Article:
The fresh water stream winds downward to the beach.
Of course we took a dip in the pools formed at the end of the stream and watched the ocean waves crash against the cliffs and sand while we sat in the quiet water of the river.
Sitting in the rock edged pool at the mouth of the Hanakāpī’ai Stream.
If we had any doubt that the water was fresh water, the numerous tadpoles put our minds at rest.
No signs of transformation on this tadpole.
The last river pool and the path the escaping fresh water takes to the right.
The stream made a very definite path through the sand beach, flowing to the right, heading slightly downhill, then turning left until the tide crossed the sand and the two bodies of water met in the middle of the beach.
You can see the stream flow to the right and in the distance cross left to join the ocean.
We must have spent about an hour exploring the beach and wading in the stream. There were even a couple of caves along the beach that we looked into. It was a very refreshing change to be in fresh water and not feel sticky from salt as our skin and clothing dried on the walk back.
In non-COVID times, this walk is extremely crowded and is one of the most popular hikes in Hawaii. How popular is the hike? Well the Hā’ena State Park limits their day use permits to 900 per day!!! Furthermore, the site says the passes sell out quickly.
A helicopter view of Hanakāpī’ai Beach with an arrow pointing to the river on the beach.
I counted the number of people we encountered during our day. All told we saw fewer than 30 people on the hike, in the stream, on the beach and in the ocean.
Needless to say, we experienced the Kalalau Trail in a way few modern travelers have or will.
I grew up in St. Louis, Missouri and I never thought about hurricanes. Tornadoes, yes. Hurricanes? I hardly even knew what they were.
Now we live on a boat and hurricanes are a determining factor in where we want to be at different times of the year and thus have a major influence on our lives. In 2020, we had planned to avoid the hurricane season by sailing to French Polynesia in March. The plan was to stay for a while in the Marquesas Islands where hurricanes are virtually unheard of.
But like every other person in the world, our 2020 plans have changed and we are spending this hurricane season in Hawaii.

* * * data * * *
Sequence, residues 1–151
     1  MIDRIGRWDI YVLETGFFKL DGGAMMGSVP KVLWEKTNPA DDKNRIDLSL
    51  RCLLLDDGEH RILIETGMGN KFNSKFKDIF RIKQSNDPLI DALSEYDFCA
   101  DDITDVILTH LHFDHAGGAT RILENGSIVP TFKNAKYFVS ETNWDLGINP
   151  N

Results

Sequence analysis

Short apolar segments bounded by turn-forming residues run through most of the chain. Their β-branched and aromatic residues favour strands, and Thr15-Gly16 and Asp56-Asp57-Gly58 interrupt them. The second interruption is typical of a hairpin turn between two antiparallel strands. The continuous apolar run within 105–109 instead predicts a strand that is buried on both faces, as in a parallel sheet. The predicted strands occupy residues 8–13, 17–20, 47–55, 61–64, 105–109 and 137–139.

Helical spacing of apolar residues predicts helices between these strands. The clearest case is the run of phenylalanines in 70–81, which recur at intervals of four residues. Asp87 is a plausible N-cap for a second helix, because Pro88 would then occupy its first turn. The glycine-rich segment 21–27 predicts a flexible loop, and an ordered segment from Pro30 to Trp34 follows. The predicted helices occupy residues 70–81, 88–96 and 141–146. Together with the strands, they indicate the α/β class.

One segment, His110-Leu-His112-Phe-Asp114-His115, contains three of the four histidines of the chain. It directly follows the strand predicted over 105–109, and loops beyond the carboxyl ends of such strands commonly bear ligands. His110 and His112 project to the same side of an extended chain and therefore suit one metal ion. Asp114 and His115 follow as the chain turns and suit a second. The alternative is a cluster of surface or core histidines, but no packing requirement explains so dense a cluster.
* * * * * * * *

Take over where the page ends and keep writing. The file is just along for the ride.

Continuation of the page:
Pretty views in Hanalei Bay, Kauai
Fortunately, Hawaii rarely suffers from hurricanes, but recently Hurricane Douglas developed and decided to head toward these beautiful islands.
Randy and Shellie pulling Frank on the foil board.
We were happily anchored in Hanalei Bay, Kauai when Douglas began swishing about in the Pacific and heading this direction. Between swims, foiling practice and visits with other boaters, we began exploring our hurricane options.
Most of the local boaters were taking the hurricane threat fairly lightly but since Frank and I experienced running away from Puerto Rico when Hurricane Maria hit, and we saw friends who remained suffer severe damage, we tend to err on the side of caution.
That little green dot represents TTR in Hanalei Bay.
Folks who have permanent marina slips for their boats already know they are going to ride out any storm in the marina and thus go through some lengthy steps to prepare:
- remove sails and canvas
- remove any loose objects
- tie down anything that remains on deck
- tie, cross tie and reinforce all of the lines that keep the boat in the dock
Since we do not have a permanent marina home, our options vary depending on our location. Here in Hawaii, we had contacted a couple of marinas and they either did not have room for us or only had an end tie available. The issue with an end tie is that we can only secure TTR from one side so we have no way to secure her in the middle of a slip to prevent her from banging against the peer when winds push her in all directions. That was not a good option as we had visions of Ticket to Ride surging and smashing against the dock.
When we were in the Caribbean, it was possible to find mangrove holes where one could anchor and secure the boat and the roots and trunks of the mangroves absorbed much of the storm, thus offering a viable hiding place during a storm.
We are not aware of such places in Hawaii.
Much like when we were in Puerto Rico and sailed away from Hurricane Maria, we believed our best option was also to sail away and avoid the storm altogether. The difference this time was that we didn’t have a destination to sail to; instead we were just sailing out of harms way and would be bobbing about until it was safe to return to land.
There were a few other boats anchored in Hanalei Bay who had the same plan, so several of us left the Bay on Saturday, 48 hours ahead of when the storm was expected to reach Kauai.